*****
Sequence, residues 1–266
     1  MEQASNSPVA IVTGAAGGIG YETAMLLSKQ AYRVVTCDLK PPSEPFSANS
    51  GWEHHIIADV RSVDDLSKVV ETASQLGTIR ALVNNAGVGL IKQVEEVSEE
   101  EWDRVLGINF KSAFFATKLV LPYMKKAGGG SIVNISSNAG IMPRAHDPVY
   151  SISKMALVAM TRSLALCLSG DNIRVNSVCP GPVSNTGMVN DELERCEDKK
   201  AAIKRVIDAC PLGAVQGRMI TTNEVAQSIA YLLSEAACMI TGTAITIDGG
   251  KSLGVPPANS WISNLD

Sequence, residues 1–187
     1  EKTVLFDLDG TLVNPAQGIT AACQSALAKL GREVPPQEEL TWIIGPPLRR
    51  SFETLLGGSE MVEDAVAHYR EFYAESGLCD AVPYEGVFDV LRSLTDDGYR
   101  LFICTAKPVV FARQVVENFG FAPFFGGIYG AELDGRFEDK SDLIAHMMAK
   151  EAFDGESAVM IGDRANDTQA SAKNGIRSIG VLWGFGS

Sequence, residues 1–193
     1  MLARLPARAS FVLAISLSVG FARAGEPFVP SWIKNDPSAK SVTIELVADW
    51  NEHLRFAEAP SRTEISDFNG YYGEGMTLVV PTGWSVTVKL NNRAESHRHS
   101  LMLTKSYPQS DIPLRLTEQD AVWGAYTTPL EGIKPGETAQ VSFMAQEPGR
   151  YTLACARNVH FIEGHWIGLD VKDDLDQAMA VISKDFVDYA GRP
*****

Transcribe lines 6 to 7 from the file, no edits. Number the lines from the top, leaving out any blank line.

   201  AAIKRVIDAC PLGAVQGRMI TTNEVAQSIA YLLSEAACMI TGTAITIDGG
   251  KSLGVPPANS WISNLD